by: Edith Lutz on November 30th, 2012 | 4 Comments »
At the beginning of Shakespeare’s tragedy, the Scottish nobleman Macbeth is introduced as a human being of contradictory but predominantly good character: he is courageous, sensitive, noble and loyal. Due to a vision by three witches predicting the royal crown for Macbeth, possibly misinterpreted, he commits a fatal error. Another one follows, a third, and a fourth. Each new breach of the law is aimed at covering up preceding ones. Macbeth commits murder himself and lets others commit murder for him, he lies and he plants spies in the homes of other rulers. In his desperate, paranoid condition he imagines enemies everywhere. The more desperate the situation becomes for Macbeth, the more he loses his sense of morality. He sees no possibility of turning back. He must continue to kill others until he is killed himself when in battle with the enemy image.
Disguised with branches from the nearby wood, the hostile army approaches Macbeth’s castle, fulfilling another vision of the witches: Birnam Wood is closing in for the destruction of Macbeth.
A vision was also involved at the start of the first Zionist immigration wave: Eretz Israel. As part of this vision of a new country was the hope of the settlers, after centuries of persecution and cruel pogroms, to achieve at last an untroubled life where it would be possible to pursue endeavours always barred to them in the countries where they had lived, such as agriculture. But in fulfilling this vision the new settlers committed a fateful error: they excluded the Arab population from their agricultural activities. The Arab farmers who had tilled the land as tenants until the big landowners sold it to Zionist agencies were not only deprived of their means of livelihood but saw an alien mentality pushing into their country in steadily growing numbers. They fought back with attacks; counter-attacks by the immigrants were the result. These first mistakes went unrecognised or were (deliberately?) ignored.
The scope of the violations increased. The destruction of Arab villages was begun before the new state was founded. In the war of 1948 the programme of destruction and expulsion was continued. During the years that followed the evidence of this destruction was concealed; parks and forest were created to cover over former Arab villages and cultivated fields. The need to cover over mistakes required falsifying propaganda. Israel saw enemies everywhere; it felt compelled to kill and to have others kill. Had Israel become a reincarnation of Macbeth?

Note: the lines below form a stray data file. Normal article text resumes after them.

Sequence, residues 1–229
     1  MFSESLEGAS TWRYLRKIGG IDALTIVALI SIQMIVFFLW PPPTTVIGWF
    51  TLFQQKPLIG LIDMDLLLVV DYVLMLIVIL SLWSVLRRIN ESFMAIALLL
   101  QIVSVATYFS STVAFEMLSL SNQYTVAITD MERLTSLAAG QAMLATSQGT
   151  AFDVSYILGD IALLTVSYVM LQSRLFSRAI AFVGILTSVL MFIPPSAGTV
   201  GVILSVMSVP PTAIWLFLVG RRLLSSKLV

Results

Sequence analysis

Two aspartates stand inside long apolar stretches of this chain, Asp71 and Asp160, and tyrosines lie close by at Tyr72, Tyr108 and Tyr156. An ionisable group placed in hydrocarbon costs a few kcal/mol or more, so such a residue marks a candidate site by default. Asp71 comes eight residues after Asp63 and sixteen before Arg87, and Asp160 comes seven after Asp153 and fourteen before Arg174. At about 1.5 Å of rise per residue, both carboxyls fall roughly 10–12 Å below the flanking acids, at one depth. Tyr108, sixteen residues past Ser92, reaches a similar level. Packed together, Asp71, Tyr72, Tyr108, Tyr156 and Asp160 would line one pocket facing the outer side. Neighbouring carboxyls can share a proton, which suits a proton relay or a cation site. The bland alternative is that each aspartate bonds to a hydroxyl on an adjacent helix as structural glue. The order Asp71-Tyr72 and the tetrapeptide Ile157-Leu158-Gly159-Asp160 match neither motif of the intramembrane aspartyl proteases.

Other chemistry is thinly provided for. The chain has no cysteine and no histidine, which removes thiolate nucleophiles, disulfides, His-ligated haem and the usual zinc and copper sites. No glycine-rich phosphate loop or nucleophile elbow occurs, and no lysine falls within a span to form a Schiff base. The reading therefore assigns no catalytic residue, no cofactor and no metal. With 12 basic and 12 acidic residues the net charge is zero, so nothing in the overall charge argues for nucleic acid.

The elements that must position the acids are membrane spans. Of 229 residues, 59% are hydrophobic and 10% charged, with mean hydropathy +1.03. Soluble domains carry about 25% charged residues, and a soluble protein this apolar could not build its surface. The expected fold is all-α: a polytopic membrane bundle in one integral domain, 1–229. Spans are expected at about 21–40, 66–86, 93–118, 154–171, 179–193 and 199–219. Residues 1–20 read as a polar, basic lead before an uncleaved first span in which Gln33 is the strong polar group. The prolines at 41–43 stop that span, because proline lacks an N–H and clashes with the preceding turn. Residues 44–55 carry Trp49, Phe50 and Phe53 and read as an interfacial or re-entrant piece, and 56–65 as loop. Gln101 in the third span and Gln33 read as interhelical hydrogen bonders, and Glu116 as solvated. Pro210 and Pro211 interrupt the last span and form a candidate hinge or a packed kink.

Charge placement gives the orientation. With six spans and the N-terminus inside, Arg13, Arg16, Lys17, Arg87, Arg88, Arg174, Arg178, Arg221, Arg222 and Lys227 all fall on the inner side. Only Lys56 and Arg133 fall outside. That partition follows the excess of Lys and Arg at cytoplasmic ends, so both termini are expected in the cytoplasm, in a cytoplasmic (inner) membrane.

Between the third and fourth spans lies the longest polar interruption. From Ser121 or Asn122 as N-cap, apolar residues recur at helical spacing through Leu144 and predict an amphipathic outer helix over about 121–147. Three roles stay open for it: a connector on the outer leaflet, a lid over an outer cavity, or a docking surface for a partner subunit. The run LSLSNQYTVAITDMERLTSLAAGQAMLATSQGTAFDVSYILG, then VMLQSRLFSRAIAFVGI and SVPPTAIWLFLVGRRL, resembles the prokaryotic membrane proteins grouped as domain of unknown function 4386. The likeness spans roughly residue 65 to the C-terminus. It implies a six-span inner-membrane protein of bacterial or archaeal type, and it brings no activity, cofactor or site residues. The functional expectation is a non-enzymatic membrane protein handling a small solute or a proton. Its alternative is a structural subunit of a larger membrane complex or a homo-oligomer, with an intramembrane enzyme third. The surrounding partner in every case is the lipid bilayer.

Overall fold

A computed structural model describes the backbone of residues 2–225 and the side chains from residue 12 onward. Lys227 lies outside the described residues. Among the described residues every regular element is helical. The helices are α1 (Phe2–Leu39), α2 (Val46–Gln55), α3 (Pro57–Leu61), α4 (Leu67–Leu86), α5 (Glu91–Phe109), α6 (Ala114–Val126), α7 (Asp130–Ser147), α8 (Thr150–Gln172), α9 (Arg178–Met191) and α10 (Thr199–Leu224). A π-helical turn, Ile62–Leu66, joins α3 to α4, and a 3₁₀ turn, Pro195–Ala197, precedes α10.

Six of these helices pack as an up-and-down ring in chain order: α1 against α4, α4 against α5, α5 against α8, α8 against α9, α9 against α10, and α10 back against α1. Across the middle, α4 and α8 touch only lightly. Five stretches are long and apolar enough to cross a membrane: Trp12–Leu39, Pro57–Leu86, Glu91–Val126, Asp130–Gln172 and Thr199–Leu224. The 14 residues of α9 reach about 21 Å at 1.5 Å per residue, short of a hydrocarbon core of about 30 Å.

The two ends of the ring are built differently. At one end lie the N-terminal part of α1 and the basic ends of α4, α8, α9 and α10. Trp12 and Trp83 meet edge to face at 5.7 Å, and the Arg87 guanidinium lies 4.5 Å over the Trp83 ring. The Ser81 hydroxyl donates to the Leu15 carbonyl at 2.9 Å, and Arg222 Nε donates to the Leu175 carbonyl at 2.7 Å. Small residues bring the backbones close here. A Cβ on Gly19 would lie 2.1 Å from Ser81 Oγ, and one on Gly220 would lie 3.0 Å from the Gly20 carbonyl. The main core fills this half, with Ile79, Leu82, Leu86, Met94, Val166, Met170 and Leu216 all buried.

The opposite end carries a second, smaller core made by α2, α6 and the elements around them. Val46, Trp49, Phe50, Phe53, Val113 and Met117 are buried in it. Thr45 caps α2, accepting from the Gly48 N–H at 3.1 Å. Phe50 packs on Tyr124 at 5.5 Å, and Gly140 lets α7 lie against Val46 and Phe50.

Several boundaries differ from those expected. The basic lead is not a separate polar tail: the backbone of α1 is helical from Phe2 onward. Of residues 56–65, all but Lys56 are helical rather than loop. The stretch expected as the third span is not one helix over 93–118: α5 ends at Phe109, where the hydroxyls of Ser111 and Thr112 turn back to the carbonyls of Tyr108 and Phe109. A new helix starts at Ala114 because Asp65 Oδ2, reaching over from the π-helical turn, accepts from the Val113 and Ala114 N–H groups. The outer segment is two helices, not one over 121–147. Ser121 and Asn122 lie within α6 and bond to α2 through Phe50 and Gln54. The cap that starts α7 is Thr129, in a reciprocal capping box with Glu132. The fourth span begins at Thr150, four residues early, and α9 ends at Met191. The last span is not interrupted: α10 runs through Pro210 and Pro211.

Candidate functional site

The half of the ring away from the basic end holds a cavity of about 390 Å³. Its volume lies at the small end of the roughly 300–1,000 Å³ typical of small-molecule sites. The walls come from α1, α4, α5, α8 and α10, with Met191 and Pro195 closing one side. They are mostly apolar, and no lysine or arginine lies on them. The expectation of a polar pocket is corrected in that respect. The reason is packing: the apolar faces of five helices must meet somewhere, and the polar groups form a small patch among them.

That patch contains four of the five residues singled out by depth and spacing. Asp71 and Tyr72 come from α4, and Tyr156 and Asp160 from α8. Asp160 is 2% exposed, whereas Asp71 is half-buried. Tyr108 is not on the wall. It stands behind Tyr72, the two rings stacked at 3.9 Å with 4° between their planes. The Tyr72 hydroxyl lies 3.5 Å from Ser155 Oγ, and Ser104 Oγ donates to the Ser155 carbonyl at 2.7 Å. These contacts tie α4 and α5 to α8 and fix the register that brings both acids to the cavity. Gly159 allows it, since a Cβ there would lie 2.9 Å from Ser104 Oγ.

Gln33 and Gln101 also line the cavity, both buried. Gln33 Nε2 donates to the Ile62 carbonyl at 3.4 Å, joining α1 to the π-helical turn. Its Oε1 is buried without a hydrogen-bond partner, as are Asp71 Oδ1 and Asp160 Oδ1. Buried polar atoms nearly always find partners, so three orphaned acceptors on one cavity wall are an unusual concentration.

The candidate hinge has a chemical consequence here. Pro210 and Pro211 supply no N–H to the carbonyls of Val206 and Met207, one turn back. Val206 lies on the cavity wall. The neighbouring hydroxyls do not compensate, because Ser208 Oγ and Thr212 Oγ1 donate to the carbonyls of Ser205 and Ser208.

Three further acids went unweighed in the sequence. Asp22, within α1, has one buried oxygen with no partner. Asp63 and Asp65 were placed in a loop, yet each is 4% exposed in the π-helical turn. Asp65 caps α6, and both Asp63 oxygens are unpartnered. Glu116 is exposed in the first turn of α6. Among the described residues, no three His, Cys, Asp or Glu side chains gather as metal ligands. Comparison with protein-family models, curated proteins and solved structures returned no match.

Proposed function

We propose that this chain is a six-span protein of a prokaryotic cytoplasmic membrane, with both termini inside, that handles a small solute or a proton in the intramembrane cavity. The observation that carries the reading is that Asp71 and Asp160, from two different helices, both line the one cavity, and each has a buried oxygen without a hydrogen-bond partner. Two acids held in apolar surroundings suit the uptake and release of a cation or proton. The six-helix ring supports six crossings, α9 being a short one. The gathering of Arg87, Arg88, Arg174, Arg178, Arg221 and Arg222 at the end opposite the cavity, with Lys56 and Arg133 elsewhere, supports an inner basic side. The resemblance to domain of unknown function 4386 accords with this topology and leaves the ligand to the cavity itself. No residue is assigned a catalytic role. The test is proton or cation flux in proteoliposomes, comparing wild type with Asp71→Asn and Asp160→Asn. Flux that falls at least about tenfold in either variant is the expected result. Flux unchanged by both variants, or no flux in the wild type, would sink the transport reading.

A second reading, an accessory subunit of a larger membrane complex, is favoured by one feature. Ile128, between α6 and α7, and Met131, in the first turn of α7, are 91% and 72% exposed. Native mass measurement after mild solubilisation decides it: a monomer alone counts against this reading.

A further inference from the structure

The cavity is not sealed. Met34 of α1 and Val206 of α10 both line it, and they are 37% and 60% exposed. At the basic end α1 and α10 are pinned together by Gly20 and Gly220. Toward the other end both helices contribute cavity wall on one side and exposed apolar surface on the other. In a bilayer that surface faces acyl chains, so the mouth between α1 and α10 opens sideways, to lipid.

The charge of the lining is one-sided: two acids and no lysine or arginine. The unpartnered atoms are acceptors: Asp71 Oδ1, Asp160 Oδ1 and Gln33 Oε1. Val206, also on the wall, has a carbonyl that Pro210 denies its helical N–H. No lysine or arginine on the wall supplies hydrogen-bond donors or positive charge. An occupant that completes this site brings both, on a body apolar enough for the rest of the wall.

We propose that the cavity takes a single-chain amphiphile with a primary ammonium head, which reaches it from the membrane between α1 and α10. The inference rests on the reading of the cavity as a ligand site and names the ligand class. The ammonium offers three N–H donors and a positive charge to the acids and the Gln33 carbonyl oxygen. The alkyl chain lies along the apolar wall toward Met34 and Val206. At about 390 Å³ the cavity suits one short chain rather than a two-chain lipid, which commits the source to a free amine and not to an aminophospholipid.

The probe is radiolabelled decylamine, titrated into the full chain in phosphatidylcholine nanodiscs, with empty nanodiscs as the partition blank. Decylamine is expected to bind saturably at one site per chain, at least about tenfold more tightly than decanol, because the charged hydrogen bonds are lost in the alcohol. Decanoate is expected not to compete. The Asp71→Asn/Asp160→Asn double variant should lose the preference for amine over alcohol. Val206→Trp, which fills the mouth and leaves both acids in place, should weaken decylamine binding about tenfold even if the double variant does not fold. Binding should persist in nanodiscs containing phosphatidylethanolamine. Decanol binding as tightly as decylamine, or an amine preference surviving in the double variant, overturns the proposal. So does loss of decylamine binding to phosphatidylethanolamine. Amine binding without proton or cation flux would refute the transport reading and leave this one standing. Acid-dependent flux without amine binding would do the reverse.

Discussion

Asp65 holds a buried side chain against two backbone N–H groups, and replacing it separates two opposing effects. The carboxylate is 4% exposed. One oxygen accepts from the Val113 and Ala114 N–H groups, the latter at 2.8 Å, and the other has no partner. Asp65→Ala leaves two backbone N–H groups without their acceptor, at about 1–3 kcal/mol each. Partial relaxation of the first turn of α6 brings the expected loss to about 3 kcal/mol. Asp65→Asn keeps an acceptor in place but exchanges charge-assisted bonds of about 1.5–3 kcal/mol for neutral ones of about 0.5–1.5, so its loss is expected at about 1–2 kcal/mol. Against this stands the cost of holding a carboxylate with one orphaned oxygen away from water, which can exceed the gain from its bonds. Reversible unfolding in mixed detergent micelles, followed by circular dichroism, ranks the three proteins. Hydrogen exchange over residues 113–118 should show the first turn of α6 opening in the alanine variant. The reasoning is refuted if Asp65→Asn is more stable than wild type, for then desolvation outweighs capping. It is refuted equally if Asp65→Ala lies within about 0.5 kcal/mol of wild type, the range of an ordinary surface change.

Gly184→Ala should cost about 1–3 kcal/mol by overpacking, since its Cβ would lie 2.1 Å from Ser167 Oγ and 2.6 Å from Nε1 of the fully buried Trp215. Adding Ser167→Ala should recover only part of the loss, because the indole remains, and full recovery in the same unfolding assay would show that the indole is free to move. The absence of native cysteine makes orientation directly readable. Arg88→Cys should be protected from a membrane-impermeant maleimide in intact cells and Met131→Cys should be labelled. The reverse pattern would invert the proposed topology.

Israel is not Macbeth. Aside from the question as to whether a mythological figure can really be compared to a political system, it would also be unjustified to point only to Israel. But what is it which leads one to even consider such a comparison, even though it must be criticised as one-sided?
An analysis of both the similarities and the differences between Israel and Macbeth can help in finding a way out of the Middle East dilemma. Like the literary figure, Israel lacks friends who can act as wise advisers. Israel is poorly protected; as the rabbi of Bacherach says in the unfinished novel of the same name by the poet Heine: „False friends are guarding its gates from without”. Its alleged friends are helping Israel build up an arsenal of weapons of dangerous enormity. This delivery of armaments may be useful in assuaging the conscience of those with “historical guilt”, but it does not banish the fears of its recipient, which sees itself surrounded by enemies. Its anxiety is furthered additionally by the feeling of having no one to rely upon. The experience of the holocaust proved that this anxiety is not baseless: even after the extent of the atrocities had become known, there was hardly a single country willing to accept the fleeing exiles.
Even those pro-Israel lobbyists, groups as well as individuals, who proclaim their unreserved solidarity with Israel, can be “false friends”. A mentality based on the premise that “Whatever you do, Israel, we will always support you” – whether it is a result of sympathy based on common suffering or on religious ideology – can serve to accelerate the path to catastrophe. Another menace, just as dangerous, is created by those people, striving for peace, who are sworn to pursue the goals of law and justice. This seemingly paradox situation can be understood in the light of the growing polarization between Israel supporters and Israel opponents. Among the latter there are alleged “peace-fighters” who, striving for justice, have covered themselves with branches of the “Birnam Wood”, which in Shakespeare’s drama led to the end of Macbeth. When actions in support of one side in a conflict are not accompanied by simultaneous talks with the other side then new dangers can arise: they can force the other side into a corner and prompt it into taking an unconsidered act of defiance in its defense.
Peace cannot be won by force, it can only be approached step by step, calmly and patiently. The path to peace demands an effort to approach “the other side,” the courage to voice facts openly, and a feeling of empathy with the adversary which can enable a joint search for solutions. This must be done very soon on all levels, both individual and political, because Birnam Wood is moving closer and closer and Macbeth, in his fear, is becoming paranoid.
The growing polarisation among pro and contra groups, like that on the broader political stage between Israel and Palestine, has reached a level of escalation where dialogue is no longer discernible. If the situation develops further in this direction then the conflict will soon have reached the final step in the conflict escalation model: Together into the abyss.